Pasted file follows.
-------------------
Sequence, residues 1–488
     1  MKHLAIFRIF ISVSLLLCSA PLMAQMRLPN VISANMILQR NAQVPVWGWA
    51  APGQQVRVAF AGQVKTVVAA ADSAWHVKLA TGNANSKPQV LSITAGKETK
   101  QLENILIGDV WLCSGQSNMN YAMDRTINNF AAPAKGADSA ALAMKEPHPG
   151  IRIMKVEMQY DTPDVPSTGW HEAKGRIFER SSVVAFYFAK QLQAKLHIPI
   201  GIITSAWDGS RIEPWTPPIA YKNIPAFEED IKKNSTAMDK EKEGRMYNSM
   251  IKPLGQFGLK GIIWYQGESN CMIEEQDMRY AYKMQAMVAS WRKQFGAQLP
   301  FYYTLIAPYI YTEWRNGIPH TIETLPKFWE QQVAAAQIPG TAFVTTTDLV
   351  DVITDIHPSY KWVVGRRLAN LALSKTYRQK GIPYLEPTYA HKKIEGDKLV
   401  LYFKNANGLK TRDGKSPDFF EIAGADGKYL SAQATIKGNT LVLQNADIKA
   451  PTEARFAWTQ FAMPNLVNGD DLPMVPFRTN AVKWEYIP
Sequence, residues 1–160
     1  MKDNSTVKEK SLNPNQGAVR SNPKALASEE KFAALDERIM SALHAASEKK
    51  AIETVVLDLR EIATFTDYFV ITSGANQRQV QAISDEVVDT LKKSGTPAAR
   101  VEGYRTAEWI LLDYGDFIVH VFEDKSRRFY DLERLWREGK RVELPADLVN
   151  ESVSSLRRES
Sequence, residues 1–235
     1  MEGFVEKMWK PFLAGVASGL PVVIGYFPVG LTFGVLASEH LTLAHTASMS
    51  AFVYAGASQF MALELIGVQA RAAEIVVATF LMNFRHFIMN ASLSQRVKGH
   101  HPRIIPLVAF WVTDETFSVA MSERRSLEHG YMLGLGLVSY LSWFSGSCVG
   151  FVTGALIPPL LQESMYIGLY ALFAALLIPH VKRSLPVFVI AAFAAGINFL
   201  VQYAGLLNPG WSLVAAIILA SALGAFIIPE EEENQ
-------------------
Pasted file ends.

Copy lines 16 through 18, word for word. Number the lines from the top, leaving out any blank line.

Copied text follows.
   151  ESVSSLRRES
Sequence, residues 1–235
     1  MEGFVEKMWK PFLAGVASGL PVVIGYFPVG LTFGVLASEH LTLAHTASMS